As part of their current auction of the Edgemont Collection of Lincoln cents, GreatCollections is offering collectors the exciting opportunity to win a 1914-S Lincoln cent graded as MS 65 RD by PCGS with a CAC certification. Nearly 25 years ago this high-grade, semi-key date piece was placed in a 3.1 gen OGH holder. Bidding on this coin ends Sunday, July 17, 2022, 4:14:34 PM Pacific Time (7:14 PM Eastern). This conditional rarity is much more than a simple placeholder and would make a fine addition to any US coin type collection.
At the time of publication, the highest of 37 bids stands at $3,400 USD and has 17 days remaining.
With a mintage of only 4,137,000 pieces, minuscule compared to the 1914 Philadelphia Mint issuance of 75,237,067 pieces, the 1914-S is a scarce coin in every grade and a conditional rarity in all Mint States. PCGS CoinFacts estimates that there fewer than 2,000 surviving examples with no examples known in better than MS 66. Of these, a majority are highly circulated and many display some level of corrosion or environmental damage.
Though NGC has graded 1,076 examples and PCGS 2264 in all grades and color designations, both services have only certified a total of 58 coins as MS 65 RD or MS 65 +, and only four as MS 66 RD. It is important to note that these numbers do not account for resubmissions, and the true population figures are undoubtedly lower. While the auction record for the type (an MS 66 in August 2006) is $105,800, MS 65s reliably bring between $5,000 to $6,000.
The current example has an extremely strong and defined obverse strike, but it does display some weakness on the reverse strike in the “PLURIBIS · U” of “E · PLURIBIS · UNUM” and on the “O” in “ONE”. While this is characteristic of the early Lincoln cents, it is not a major issue on this particular piece. It clearly does, however, deserve the RED color designation, as the coin is fully lustrous and exhibits a delightful copper gleam.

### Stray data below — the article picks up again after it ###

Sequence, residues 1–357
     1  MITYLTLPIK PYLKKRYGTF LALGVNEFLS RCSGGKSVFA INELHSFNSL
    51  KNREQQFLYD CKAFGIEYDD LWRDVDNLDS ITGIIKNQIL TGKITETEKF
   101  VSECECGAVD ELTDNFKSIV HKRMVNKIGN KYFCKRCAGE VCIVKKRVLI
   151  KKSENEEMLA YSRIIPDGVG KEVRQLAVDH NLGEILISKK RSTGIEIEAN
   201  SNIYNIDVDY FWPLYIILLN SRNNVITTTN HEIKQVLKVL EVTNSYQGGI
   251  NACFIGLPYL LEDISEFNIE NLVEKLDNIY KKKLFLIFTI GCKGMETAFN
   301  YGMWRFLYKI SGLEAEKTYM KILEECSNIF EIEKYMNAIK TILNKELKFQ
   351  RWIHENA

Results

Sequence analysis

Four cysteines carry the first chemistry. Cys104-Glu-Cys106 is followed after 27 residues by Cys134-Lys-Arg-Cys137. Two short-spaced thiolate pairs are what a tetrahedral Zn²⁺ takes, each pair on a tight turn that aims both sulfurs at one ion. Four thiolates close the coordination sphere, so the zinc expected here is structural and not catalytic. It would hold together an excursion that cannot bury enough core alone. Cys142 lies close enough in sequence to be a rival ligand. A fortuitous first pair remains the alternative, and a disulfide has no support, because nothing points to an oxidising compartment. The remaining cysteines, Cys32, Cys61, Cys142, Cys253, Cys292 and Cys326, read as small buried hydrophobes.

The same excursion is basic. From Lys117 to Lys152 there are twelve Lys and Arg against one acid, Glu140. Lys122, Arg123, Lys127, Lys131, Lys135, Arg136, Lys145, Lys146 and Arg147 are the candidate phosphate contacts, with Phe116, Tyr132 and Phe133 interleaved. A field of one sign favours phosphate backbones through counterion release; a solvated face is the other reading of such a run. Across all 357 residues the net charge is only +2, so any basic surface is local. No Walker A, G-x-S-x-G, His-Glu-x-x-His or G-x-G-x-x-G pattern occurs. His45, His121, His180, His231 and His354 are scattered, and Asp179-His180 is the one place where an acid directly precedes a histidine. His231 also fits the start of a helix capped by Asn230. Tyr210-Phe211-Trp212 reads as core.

When graded, this coin was placed in a single-piece, stackable 3.1 generation Old Green Holder, often designated as “OGH” for short. While all third-generation holders used between 1993 and 1998 are much more common than the earlier second-generation OGHs or first-generation Rattlers, they still carry a small premium over more recent, modern holders. The distinguishing features between a 3 and a 3.1 gen OGH are the slightly different obverse font and the “© PCGS COPYING PROHIBITED” notice on the label’s reverse.
On the obverse, sculptor Victor David Brenner’s portrait of Abraham Lincoln depicts the 16th president from the shoulder up. Lincoln is dressed in a period suit and is wearing a bow tie. At the top of the design, wrapping around the rim is the motto “IN GOD WE TRUST”. “LIBERTY” appears behind Lincoln’s neck, on the left side of the coin. The date appears slightly lower, in front of Lincoln’s portrait, on the coin’s right side. The mint mark “S” is below the date (1914).
On the reverse, two sheaths of wheat wrap around the right and the left side of the coin. At the top of the design, the motto “E · PLURIBUS · UNUM” wraps around the rim. ONE CENT is inscribed in large letters, sans serif, the bottom arm of the E extends beyond the arm at the top. The middle arm is recessed. Beneath, in the same font but in smaller type, is the legend UNITED STATES OF AMERICA.
The edge is smooth or plain, as it is for all Lincoln cents.
Bidding ends on Sunday, July 17, 2022, at 4:14:34 PM Pacific Time (7:14 Eastern).
* * *
To search through GreatCollection’s archive of over 600,000 certified coins the company has sold over the past eight years, please visit the GreatCollections Auction Archives.